While at Washington I recalled this passage often. From the windows of my lodgings, I looked out upon the mile-long Pennsylvania Avenue, leading from the broad Potomac river, by the marble palace of the President's, up to the snow-white Capitol, and every hour of the day almost I was disturbed while writing by the sound of some military band, as regiment after regiment passed, marching southwards. The Germans have brought with them into their new fatherland the instinct of instrumental music, and the bands are fine ones, above the average of those of a French or English line regiment. The tunes were mostly those well known to us across the water_“ Cheer boys, cheer,” the “Red, White, and Blue,” and “Dixie's Land," being the favourites. For the war had brought out hitherto no war-inspired melody, and the quaint, halfgrotesque, half passion-stirring air of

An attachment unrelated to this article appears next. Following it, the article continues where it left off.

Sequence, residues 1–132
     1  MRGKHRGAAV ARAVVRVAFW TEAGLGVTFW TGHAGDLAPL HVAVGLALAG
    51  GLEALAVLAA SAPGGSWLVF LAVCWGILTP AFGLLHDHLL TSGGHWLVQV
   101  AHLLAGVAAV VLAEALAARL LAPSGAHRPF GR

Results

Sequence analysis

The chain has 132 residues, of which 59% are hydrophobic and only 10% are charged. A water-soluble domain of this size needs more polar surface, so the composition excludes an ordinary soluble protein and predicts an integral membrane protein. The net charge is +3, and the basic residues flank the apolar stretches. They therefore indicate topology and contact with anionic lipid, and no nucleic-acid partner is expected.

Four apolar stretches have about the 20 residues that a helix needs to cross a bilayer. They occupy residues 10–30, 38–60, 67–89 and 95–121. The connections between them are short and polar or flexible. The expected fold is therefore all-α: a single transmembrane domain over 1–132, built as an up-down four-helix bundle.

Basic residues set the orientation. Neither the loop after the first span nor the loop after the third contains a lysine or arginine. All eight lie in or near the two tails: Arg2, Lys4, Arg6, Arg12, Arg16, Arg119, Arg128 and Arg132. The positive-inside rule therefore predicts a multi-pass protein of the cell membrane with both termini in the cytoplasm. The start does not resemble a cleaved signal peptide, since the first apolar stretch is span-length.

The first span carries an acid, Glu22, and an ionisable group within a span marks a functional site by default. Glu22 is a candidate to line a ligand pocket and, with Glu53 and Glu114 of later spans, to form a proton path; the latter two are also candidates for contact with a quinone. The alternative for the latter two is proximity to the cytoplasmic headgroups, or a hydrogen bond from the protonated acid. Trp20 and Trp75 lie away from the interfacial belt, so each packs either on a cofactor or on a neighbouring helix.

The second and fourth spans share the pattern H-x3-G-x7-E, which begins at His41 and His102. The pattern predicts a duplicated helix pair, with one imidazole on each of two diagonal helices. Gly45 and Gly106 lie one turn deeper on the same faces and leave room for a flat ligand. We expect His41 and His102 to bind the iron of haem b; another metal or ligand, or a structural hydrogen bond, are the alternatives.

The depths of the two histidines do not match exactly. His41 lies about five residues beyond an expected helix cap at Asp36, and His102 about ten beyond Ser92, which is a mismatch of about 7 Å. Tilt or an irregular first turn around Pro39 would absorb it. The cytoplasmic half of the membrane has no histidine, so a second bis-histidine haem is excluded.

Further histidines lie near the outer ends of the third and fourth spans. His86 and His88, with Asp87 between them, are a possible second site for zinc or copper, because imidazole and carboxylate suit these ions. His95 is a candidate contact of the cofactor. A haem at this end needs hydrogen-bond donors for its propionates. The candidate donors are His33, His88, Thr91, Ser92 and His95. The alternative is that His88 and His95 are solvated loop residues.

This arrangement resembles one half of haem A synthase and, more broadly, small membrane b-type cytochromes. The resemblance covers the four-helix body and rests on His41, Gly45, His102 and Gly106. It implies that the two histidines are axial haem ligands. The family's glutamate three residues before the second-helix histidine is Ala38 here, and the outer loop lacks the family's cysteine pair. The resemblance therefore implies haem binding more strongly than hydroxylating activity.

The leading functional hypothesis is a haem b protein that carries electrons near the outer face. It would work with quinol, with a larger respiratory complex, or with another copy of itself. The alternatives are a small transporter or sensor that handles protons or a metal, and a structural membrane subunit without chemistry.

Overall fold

“ John Brown's body lies a mould'ring in the grave,”
was still under McClellan's interdict. But yet, be the tunes what they may, the drums and fifes and trumpets rouse the same heart-beatings as in the Old World, and teach the same lessons of glory and ambition and martial pride. Can this teaching fail to work ? is the question that I asked myself daily, as yet without an answer.